With GLASSHOUSE, Xan Tyler and David Liddell have in their words created “A journey through orchestral scores combined with dark underground techno and jazz.”
Xan Tyler is perhaps best known in electronic music circles as the vocalist of cult synthpop duo TECHNIQUE. The brainchild of multi-instrumentalist Kate Holmes, the concept was a female interpretation of PET SHOP BOYS crossed with NEW ORDER’s post-punk edge. More recently, Tyler’s work has been of a more traditional nature, having contributed to the latest album by folk artists Naomi Bedford and Paul Simmonds.
Meanwhile David Liddell is a renowned classically trained trombonist who has worked with personalities as diverse as Roger Daltrey, Boy George and Pharrell Williams.
The debut GLASSHOUSE EP ‘We Are The Light & The Dark’ is their love letter to the human race and “asks the listener to restore their faith in mankind and embrace beauty and light.”
Opening song ‘Echo Chamber’ is a delightful return to the technopop reminiscent of Tyler’s time in TECHNIQUE, with a great sequenced bassline and an enticing off-beat. It vocally recalls a time when Sarahs Cracknell, Blackwood and Nixey ruled, with the string quintet providing a nice compliment next to the electronics.
The glistening synth tones on ‘Reward & Rewind’ dress a jazzier swing with Tyler’s sweet folkier tones unusually placed next to rapper MWS who announces it’s “time to rest”…
The ‘We Are The Light &The Dark’ title song chimes beautifully aided by harp-like tones, reminiscent of Hannah Peel; “You are the oxygen” Tyler affectionately coos, highlighting the Ying and Yang of romantic relationships accompanied by a rich orchestrated backdrop and a flugel horn solo from Reuben Fowler towards the end.
Over an electric piano intro, ‘The Temperature Is Rising’ sees a steady beat joining in, building to a gently chilled grooving dance tune which is far superior to much of the beach mix nonsense that afflicts summer holidays. Taking things down, the ballad ‘Cry Out’ closes proceedings with some trombone, but is perhaps the less convincing track on the EP.
Combining synths and brass like Hannah Peel did on ‘Mary Casio: Journey To Cassiopeia’ but in a more traditional song based format, GLASSHOUSE have found themselves a unique combination and this EP is well worth your time.
What’s the definition of synthpop? Well, it’s pop music that uses synthesizers.
Whether it’s THE HUMAN LEAGUE or CHVRCHES, for generations over 30 years apart, these two acts’ interpretations of synthpop have been an entry point for many into the world of electronic music. People seem to forget that very few actually get into THROBBING GRISTLE on first listen!
Even Luis Vasquez, the man behind the darker platitudes of THE SOFT MOON expressed a love for PRINCE and MICHAEL JACKSON, admitting to The Electricity Club: “My first exposure to music was pop”
One new act embracing the sound of both THE HUMAN LEAGUE and CHVRCHES are the Leeds-based duo PARK FIRES. Comprising of Rachel Lissenburg and Emma Duffy, their second single ‘Watch Me Go’ released at the start of 2017 was both accessible and aesthetically inventive, adopting CHVRCHES’ ethos by producing a song that could have easily come from the pen of Taylor Swift.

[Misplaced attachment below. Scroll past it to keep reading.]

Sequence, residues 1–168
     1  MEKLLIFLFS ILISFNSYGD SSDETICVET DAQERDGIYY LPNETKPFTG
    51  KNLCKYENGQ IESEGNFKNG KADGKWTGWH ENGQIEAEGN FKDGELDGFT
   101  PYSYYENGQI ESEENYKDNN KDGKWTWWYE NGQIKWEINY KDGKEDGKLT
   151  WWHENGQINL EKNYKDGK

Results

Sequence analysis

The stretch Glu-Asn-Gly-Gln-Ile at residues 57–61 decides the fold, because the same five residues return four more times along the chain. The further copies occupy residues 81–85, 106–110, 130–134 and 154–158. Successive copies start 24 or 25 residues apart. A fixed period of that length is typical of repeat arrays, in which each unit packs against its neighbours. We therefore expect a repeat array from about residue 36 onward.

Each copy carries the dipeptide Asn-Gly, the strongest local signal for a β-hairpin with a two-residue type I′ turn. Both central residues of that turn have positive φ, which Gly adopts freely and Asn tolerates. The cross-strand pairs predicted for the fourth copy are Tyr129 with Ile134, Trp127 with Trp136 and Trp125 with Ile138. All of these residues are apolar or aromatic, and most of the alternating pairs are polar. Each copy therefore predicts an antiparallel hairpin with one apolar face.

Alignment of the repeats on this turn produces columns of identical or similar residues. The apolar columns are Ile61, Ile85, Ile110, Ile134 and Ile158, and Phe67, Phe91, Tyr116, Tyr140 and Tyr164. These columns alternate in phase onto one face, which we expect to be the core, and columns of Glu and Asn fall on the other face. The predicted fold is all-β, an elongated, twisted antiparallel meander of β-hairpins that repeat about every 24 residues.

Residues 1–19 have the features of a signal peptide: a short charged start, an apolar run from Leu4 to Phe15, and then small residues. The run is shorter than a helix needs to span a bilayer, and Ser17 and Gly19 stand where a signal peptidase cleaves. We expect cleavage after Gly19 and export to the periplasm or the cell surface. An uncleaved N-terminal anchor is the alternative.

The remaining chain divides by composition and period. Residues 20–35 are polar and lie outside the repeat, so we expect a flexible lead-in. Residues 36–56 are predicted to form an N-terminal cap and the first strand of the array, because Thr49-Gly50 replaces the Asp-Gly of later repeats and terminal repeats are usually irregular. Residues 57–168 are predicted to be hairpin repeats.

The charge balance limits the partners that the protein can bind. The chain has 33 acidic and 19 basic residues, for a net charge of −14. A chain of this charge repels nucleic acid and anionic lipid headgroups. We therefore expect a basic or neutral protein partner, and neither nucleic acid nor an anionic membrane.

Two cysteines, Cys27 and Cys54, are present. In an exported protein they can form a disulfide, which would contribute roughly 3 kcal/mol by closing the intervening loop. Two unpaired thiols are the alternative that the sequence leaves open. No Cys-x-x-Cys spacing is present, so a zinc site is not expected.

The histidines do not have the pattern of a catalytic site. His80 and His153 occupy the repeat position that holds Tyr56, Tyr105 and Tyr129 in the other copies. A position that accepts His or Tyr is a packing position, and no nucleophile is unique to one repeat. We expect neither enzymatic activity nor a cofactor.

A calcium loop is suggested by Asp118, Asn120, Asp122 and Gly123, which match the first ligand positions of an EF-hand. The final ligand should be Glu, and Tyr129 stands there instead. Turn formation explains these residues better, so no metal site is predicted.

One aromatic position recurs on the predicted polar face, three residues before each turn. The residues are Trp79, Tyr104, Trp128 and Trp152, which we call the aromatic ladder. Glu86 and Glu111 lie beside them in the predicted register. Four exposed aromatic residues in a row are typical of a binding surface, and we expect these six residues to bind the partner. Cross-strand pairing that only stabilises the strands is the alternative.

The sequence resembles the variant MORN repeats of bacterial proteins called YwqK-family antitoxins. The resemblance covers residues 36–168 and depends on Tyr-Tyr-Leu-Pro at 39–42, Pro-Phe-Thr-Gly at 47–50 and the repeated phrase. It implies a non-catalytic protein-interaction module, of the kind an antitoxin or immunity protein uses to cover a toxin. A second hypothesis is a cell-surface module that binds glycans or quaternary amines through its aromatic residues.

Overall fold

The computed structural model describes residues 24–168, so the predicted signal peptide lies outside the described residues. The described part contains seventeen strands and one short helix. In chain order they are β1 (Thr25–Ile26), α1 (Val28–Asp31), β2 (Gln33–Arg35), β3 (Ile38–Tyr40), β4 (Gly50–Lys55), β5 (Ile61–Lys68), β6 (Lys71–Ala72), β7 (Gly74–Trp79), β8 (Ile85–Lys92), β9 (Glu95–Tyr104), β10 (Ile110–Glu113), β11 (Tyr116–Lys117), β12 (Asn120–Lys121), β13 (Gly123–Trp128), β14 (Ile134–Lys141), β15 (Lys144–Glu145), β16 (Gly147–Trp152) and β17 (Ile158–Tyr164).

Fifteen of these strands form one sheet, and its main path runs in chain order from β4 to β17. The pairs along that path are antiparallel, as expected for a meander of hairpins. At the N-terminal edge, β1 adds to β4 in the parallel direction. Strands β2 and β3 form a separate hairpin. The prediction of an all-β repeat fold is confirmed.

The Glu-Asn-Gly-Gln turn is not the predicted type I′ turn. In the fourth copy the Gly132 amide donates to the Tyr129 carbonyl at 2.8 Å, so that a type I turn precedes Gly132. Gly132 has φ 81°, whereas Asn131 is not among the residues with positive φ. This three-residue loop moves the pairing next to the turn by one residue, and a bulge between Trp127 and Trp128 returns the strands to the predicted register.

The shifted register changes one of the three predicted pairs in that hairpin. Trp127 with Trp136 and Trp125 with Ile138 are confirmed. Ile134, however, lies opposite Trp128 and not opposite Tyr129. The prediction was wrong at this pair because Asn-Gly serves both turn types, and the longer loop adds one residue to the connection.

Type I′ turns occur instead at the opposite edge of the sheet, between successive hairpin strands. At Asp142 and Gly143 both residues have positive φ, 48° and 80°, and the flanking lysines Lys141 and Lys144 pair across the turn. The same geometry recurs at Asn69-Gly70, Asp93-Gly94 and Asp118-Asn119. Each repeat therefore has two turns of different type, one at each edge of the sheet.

With its percussive barrages and sweeps of sparkling synths, some might call it synthwave but The Electricity Club will keep it simple and call it synthpop. Presenting ‘Watch Me Go’ with a classic synth-laden framework for that avant pop edge which allowed THE HUMAN LEAGUE to appeal to tech geeks and hairdressers alike, those who enjoyed the small but enjoyable catalogues of TECHNIQUE and PEACH are likely to appreciate PARK FIRES.
PARK FIRES have had an interesting journey to date since their bittersweet debut single ‘Home’, having been part of indie trio AGAINST HABIT and experienced the joys of now jettisoned band management. Now wholly independent, Lissenburg and Emma Duffy have attracted BBC local radio airplay and have just had a brand new single ‘Wake Me Up’ released by local label Come Play With Me.
Utilising a 6/8 swing and dealing with the difficult issue of futile unrequited love, ‘Wake Me Up’ offers a darker trip-hop influence but with a wonderfully soulful chorus and sparkling synth runs to offset that mood.
So far releasing at a rate of one single per year, creative momentum is now increasing in the PARK FIRES camp with further live dates on the way and an EP expected later in 2018.
‘Wake Me Up’ is released by Come Play With Me via the usual digital platforms
XAN TYLER is perhaps best known as the vocalist of cult synthpop duo TECHNIQUE.
Together with multi-instrumentalist Kate Holmes, their concept was a female PET SHOP BOYS crossed with NEW ORDER.
The pair had two minor hit singles ‘Sun Is Shining’ and ‘You & Me’ in 1999, both under the auspices of acclaimed producer Stephen Hague.
Having worked on a variety of projects since then, Tyler released an electro-acoustic hybrid EP ‘Into The Blue’ at the end of 2014.